Distractions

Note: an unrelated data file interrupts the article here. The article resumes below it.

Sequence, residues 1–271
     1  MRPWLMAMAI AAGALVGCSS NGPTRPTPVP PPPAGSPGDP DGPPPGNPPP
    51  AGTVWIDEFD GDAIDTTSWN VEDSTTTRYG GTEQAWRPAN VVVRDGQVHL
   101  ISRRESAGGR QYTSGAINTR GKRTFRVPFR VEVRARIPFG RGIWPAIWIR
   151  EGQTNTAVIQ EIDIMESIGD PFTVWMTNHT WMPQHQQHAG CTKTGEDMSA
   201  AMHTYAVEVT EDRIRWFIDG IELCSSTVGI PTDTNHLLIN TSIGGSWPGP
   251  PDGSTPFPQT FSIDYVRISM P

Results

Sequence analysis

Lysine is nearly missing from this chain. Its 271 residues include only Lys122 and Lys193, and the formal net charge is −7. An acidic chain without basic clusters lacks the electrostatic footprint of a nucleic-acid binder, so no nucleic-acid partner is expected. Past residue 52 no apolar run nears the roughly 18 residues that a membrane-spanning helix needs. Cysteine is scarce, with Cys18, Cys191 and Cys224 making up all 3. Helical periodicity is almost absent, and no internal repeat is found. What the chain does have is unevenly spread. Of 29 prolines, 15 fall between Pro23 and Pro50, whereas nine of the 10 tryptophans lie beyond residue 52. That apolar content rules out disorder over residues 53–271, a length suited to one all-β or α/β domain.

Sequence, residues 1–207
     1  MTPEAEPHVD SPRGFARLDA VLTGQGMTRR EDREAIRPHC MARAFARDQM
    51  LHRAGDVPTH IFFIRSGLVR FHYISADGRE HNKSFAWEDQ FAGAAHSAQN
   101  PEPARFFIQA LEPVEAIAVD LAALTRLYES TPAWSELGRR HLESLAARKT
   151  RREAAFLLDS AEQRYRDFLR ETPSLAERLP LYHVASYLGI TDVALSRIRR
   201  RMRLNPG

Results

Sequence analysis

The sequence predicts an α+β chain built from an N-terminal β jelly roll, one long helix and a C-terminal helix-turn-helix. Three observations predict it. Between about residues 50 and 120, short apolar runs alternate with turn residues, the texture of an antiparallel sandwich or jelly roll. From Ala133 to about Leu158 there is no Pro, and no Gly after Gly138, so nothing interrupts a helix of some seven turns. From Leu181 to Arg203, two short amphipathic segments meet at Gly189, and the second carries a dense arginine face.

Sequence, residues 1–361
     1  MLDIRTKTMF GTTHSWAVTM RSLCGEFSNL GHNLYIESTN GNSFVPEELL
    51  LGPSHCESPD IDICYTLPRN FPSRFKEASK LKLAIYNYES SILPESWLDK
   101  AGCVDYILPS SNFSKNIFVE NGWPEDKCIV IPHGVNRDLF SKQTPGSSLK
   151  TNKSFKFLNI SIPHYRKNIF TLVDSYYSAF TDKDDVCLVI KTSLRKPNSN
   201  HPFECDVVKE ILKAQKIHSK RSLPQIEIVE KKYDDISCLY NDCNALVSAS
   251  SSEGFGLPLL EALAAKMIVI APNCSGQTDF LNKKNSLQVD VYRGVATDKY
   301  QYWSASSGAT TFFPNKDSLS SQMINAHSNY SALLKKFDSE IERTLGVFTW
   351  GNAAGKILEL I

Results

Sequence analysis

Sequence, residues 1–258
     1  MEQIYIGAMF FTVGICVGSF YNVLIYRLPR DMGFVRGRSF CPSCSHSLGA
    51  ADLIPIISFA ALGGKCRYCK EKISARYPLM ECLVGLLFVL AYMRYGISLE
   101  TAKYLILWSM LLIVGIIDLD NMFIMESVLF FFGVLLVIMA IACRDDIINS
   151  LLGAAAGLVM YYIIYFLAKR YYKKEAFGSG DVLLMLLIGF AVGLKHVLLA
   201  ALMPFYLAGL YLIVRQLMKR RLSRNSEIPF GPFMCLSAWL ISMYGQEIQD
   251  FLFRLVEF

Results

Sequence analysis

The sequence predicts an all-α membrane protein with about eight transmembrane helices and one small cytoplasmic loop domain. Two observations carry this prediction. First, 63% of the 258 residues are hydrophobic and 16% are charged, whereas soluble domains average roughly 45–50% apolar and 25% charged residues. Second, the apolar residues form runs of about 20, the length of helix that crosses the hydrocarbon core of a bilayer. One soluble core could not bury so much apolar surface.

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Welcome, Mr. Ryan, to the 25-page essay I will be writing you. It’s approx. 7:08 PM and I’m starting this essay right now. I have a lot of things to do, but getting signed out by you is a big thing, so I guess I need to do this. This sucks a lot, and I hate doing this but I’m going to do it. Cameron, is a distraction because of a lot of reasons, well first let me tell you the definition of a so-called “distraction”. A Distraction is the divided attention of an individual or group from the chosen object of attention onto the source of distraction. Distraction is caused by: the lack of ability to pay attention; lack of interest in the object of attention; or the great intensity, novelty or attractiveness of something other than the object of attention. Distractions come from both external sources, and internal sources. Other things like Multitasking could also be considered as distraction in situations requiring full attention on a single object (e.g. sports, academic tests, performance). The issue of distraction in the workplace is studied in interruption science. According to Gloria Mark, a leader in interruption science, the average knowledge worker switches tasks every three minutes, and, once distracted, a worker takes nearly a half-hour to resume the original task. TECHNOLOGY has given us many gifts, among them dozens of new ways to grab our attention. It’s hard to talk to a friend without your phone buzzing at least once. Odds are high you will check your Twitter feed or Facebook wall while reading this article. Just try to type a memo at work without having an e-mail pop up that ruins your train of thought. But what constitutes distraction? Does the mere possibility that a phone call or e-mail will soon arrive drain your brain power? And does distraction matter — do interruptions make us dumber? Quite a bit, according to new research by Carnegie Mellon University’sHuman-Computer Interaction Lab. There’s a lot of debate among brain researchers about the...
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